Tamasa attorney says no case to answer on murder charge

Defendant had no knowledge bullets he supplied would be used to kill someone, attorney says

 

Justice Alexander Henderson is expected to rule Monday morning as to whether there is a case for David Joseph Tamasa to answer on a charge of murder. 

He is accused of supplying shotgun and handgun ammunition to Brian Emmanuel Borden, who is accused of killing Robert Mackford Bush on Sept. 13, 2011, in West Bay. 

After lead prosecutor Andrew Radcliffe opened the case on July 17, he agreed with the judge that the case against Tamasa was based on the evidence of crown witness Marlon Dillon. 

On Friday, senior crown counsel Tricia Hutchinson read into evidence statements from police officers involved in the investigation and interviews with the defendants. Both defendants denied having had the conversation with Dillon that he described.  

Dillon previously had told the court he was driving Borden home on Jan. 4, 2012, at the request of Tamasa, who was with them. He said when they turned into Captains Joe and Osbert Road, Borden said that was where he and a friend “mashed up” Robert Bush. Dillon said after he dropped off Borden, Tamasa told him that Borden had visited him at his home in September and asked him for shotgun bullets and 9mm bullets. Dillon said Tamasa told him that he gave the bullets to Borden in a brown paper bag, but was worried that he hadn’t cleaned them off.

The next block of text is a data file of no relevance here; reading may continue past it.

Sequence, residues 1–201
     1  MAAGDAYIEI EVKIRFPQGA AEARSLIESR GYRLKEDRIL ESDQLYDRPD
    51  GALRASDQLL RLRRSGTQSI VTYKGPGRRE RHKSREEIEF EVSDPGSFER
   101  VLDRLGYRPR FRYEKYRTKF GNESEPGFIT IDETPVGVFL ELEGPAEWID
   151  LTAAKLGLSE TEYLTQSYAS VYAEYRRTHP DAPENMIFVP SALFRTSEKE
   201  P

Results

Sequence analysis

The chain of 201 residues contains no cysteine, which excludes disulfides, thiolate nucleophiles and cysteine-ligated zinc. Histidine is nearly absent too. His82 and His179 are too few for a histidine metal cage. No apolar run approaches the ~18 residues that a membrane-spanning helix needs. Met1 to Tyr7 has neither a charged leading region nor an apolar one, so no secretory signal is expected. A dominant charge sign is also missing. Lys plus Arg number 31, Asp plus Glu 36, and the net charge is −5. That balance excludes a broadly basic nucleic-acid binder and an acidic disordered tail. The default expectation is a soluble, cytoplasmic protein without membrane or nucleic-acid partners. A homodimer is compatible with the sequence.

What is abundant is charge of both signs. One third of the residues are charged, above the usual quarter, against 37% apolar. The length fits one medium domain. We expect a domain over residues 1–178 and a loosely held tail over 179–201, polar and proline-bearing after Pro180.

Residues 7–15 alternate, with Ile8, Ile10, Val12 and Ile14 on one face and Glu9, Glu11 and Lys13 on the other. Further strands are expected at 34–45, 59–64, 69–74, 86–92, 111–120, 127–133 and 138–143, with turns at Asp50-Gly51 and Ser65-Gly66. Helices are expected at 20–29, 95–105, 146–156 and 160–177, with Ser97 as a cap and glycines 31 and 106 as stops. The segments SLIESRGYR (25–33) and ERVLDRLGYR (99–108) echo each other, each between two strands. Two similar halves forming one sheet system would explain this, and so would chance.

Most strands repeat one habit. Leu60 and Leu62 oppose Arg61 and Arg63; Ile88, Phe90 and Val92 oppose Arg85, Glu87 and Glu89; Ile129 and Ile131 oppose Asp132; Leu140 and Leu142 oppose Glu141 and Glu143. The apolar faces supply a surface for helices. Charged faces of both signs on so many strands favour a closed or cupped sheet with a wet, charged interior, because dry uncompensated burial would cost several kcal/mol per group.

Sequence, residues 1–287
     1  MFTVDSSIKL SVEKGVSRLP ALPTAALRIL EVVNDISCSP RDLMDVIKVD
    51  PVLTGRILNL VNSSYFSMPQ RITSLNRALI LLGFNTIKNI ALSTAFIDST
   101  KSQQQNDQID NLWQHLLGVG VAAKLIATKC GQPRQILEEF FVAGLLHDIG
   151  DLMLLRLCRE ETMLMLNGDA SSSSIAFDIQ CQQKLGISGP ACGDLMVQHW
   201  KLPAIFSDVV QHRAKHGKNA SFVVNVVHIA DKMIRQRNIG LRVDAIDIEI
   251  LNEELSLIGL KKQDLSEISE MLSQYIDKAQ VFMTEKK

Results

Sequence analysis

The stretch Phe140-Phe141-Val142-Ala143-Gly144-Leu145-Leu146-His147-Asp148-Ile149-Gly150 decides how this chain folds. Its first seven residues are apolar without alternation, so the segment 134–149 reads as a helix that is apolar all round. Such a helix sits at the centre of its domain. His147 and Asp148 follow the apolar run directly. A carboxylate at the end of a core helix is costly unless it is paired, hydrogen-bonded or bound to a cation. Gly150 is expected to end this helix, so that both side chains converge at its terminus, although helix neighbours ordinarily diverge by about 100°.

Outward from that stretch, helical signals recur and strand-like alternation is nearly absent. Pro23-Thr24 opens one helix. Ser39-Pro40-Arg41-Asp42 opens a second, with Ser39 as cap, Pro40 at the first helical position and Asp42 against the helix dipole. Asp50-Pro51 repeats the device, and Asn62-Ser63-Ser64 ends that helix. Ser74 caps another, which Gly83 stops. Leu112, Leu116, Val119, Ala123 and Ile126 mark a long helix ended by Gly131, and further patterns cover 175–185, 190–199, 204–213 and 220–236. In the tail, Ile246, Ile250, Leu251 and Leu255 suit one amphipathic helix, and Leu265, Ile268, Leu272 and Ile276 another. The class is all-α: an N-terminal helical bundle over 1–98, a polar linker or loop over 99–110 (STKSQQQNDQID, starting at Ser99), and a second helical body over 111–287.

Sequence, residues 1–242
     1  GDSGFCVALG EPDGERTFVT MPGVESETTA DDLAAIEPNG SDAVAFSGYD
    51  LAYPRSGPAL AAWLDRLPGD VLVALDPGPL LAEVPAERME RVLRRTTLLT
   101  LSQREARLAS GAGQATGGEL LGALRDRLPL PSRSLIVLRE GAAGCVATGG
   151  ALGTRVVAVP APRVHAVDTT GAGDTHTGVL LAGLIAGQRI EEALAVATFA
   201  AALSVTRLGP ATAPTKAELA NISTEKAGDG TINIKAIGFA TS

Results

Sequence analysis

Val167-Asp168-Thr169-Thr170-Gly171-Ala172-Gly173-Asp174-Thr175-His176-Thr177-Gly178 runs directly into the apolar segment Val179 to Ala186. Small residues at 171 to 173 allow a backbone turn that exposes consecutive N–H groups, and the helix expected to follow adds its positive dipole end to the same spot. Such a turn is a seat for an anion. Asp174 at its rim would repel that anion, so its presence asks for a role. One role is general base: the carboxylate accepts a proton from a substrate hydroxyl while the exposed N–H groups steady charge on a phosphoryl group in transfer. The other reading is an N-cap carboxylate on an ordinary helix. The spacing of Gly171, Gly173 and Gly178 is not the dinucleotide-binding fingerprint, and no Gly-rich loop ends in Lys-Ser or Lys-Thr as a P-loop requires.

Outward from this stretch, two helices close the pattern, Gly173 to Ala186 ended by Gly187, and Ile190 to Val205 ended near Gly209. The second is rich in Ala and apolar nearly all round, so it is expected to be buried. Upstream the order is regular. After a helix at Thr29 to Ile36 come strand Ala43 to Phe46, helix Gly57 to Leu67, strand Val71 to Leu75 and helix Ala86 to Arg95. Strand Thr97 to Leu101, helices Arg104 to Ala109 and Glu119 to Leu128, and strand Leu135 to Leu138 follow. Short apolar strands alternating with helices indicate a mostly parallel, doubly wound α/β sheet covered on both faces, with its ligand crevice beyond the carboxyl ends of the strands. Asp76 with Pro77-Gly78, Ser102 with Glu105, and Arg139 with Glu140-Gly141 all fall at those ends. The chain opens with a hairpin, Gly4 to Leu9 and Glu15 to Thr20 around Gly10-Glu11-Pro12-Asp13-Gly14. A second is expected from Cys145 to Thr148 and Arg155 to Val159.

Crown counsel on Friday also said that Tamasa told officers his only relationship with Borden was having done some sheetrock work for him in August/September 2011. 

Tamasa’s defense counsel, John Ryder, said, “It is our respectful submission there is no case to answer.” 

He cited the Dillon’s evidence as being insufficiently reliable, and that, even if it were accepted that Tamasa admitted supplying bullets to Borden, there was no evidence that he did so in the knowledge or expectation that they would be used to kill anyone. 

Mr. Ryder agreed that someone who aids or abets need not know the precise identity of the person to be killed, only that there is a person to be killed. What was missing in this case was any knowledge, he said. 

Justice Henderson went through his notes of what Dillon had said Tamasa told him: He said nothing about what the bullets were used for; he did not say why he provided the bullets; he did not say why he brought up the subject; he did not say when he supplied the bullets. 

Mr. Ryder said, “These facts are not consistent with use exclusively in a homicidal attack.”  

The judge pointed out that it was open to him to believe Dillon even in the absence of corroboration. 

Mr. Radcliffe said the Crown had to prove that Tamasa supplied the ammunition and that he knew it would be used in a homicidal attack even if he didn’t know the target. He agreed that Dillon did not say that Tamasa said the bullets were used to “mash up” Robert Bush. He agreed that was the gap. 

Justice Henderson replied, “It’s not only a gap – it’s a yawning chasm.” 

But Mr. Radcliffe argued it would be artificial to divide what Tamasa said from what Borden had just finished relating. The conversation had continued almost seamlessly, with Tamasa taking it up after Borden was dropped off, so it could only have related to what Borden had said. 

Justice Henderson said the “mens rea” [guilty knowledge] had to have been present when Tamasa handed over the ammunition. By the time of the conversation four months later, Tamasa may well have known what the ammunition was used for, the judge indicated. 

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